Almudena is the name of the Virgin Patron Saint of Madrid and also the name of the Cathedral built in her honour. It is an Arabic word, and it means wall. But… what do the walls have to do with the Virgin? Well, you’ll see.
It was the year 711 when Tarik landed in the South with clearly aggressive intentions. The advance of his armies was so overwhelming that he conquered the entire Peninsula, plus a bit of territory of present-day France.
During the next couple of centuries, the Muslims got on fairly ok with the Mozarabic and their Christian religion, but things got bad, and the Christians from the Manzanares area had to hide some of their sacred objects, among them a virgin, as tradition says.
When Alfonso VI reconquered the city in the eleventh century, no one could find the image of the Virgin since they had hidden it so well, but after many prayers the miracle took place. A procession was passing by the Cuesta de La Vega when part of the old Arab wall collapsed and revealed the much sought Virgin which was undamaged and illuminated by two candles that had not burned out in several centuries.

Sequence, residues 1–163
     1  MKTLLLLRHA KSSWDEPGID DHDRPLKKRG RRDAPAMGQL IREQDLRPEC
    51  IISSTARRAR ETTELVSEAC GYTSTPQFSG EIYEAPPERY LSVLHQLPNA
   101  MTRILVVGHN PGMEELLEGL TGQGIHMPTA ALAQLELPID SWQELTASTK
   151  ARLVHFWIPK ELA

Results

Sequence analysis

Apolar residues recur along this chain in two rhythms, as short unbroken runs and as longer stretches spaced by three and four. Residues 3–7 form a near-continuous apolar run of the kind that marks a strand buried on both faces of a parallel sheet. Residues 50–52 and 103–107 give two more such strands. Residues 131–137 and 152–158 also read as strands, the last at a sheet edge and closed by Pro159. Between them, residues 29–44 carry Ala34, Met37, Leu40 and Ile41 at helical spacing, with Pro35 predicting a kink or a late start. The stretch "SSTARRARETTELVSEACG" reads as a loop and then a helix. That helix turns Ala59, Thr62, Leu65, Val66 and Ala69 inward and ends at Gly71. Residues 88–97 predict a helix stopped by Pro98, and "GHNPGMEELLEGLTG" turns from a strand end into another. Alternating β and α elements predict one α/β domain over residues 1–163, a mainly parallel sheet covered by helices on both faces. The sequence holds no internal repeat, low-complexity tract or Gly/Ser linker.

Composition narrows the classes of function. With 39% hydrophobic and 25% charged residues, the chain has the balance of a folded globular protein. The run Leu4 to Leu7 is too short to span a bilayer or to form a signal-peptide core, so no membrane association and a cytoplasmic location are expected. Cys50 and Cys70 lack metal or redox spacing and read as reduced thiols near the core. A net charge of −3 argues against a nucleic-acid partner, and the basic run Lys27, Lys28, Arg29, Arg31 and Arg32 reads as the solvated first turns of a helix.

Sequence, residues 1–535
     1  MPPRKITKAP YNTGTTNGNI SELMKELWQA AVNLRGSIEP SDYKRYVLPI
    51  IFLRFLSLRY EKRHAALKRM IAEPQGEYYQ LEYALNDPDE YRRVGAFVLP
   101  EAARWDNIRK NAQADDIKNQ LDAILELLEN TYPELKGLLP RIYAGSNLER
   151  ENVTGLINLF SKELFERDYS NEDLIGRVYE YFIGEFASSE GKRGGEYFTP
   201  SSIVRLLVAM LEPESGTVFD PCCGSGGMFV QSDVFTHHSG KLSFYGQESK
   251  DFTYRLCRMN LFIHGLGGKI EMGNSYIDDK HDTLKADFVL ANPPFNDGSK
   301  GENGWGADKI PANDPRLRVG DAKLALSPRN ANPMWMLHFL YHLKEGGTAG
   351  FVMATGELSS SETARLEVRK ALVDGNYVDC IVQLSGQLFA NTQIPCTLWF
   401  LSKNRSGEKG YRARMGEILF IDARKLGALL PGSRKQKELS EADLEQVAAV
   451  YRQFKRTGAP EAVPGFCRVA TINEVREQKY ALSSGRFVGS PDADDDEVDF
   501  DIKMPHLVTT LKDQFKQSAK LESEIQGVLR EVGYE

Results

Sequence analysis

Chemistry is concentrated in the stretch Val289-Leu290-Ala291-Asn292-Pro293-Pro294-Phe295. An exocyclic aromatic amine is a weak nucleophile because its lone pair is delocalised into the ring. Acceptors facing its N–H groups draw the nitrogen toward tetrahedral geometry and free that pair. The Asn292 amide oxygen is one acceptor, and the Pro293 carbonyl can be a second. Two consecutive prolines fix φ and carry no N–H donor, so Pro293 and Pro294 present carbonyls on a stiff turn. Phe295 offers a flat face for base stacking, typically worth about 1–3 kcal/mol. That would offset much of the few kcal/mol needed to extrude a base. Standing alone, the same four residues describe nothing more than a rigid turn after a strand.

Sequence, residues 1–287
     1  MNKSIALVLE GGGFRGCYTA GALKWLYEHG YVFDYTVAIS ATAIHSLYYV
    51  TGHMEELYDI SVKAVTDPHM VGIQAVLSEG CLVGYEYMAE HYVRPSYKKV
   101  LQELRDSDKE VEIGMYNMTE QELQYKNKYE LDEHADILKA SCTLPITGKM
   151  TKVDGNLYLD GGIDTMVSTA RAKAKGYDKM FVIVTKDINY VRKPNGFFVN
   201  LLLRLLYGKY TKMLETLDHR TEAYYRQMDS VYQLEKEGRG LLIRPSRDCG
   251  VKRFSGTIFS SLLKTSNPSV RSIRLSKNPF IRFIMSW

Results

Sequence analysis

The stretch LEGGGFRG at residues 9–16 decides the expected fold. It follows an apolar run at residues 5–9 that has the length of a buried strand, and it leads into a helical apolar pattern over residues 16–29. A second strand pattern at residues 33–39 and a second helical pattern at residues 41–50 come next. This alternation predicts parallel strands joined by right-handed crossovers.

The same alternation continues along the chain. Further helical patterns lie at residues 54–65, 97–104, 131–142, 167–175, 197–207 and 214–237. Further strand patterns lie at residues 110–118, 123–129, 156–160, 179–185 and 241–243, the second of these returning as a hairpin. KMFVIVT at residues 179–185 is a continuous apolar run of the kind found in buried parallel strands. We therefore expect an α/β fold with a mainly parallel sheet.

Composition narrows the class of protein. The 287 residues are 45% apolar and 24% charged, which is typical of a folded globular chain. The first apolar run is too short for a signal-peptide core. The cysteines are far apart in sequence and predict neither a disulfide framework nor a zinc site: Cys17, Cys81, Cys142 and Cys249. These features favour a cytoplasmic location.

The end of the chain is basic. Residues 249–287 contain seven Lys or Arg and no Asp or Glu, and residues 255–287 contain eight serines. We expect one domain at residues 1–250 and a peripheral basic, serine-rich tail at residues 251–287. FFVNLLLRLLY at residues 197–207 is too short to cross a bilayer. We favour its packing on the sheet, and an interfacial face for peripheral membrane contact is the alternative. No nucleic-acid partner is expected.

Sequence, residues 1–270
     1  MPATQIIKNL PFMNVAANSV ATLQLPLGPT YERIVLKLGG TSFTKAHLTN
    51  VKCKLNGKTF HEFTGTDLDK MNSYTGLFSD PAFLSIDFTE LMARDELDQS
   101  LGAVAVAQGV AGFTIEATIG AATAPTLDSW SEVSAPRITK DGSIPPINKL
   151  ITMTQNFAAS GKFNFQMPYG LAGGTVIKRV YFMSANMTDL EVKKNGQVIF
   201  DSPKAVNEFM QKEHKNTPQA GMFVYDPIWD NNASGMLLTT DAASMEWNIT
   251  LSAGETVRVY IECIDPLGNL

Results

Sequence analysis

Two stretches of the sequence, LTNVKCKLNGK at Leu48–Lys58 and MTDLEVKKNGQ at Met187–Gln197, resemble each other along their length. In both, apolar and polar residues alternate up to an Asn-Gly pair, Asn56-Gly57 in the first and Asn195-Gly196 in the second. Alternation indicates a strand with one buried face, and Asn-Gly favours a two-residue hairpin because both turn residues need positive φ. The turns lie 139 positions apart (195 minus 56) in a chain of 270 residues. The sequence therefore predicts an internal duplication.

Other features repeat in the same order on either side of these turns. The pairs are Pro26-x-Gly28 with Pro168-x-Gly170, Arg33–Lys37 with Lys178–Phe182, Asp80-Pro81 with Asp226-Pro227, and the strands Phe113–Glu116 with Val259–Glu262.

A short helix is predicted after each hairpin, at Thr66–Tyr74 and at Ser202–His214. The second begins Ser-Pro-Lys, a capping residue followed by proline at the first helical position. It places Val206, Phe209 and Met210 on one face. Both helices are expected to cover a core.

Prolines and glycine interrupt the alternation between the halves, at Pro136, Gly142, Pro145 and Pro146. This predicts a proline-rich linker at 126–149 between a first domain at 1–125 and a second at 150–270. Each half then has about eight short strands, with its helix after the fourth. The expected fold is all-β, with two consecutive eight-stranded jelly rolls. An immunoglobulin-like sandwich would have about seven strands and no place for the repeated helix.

From this beautiful and believable story, which happened in 1085, comes the name of Almudena, and as a reminder of this, a reproduction of the statue was place where they say the miraculous reappearance occurred.
Nearby is the modern Cathedral of Almudena, its construction began in 1883 by order of Alfonso XII. The king wanted to have a good cathedral in Madrid where he could also bury his beloved wife, Maria de las Mercedes. It seems that the deceased queen was devoted to the Virgin in question, and that helped the monarch’s decision who was in such a perpetual state of melancholy that even the people ended making famous couplets about his misfortune.
They began to build the Cathedral with a Neo-Gothic project by Francisco de Cubas, but things took a little longer than expected and went on, and on, and on… and suddenly, a century had passed.
Finally, the work was finished in 1984, and logically the fashions had changed so much in all that time that the Neo-Gothic style was well gone. It ended up with a neoclassical look that, besides, matched the Oriente Palace.
In the year 2000 at last, after an eternity in El Escorial, Maria de las Mercedes was finally buried here. Obviously, her husband was not here to see it…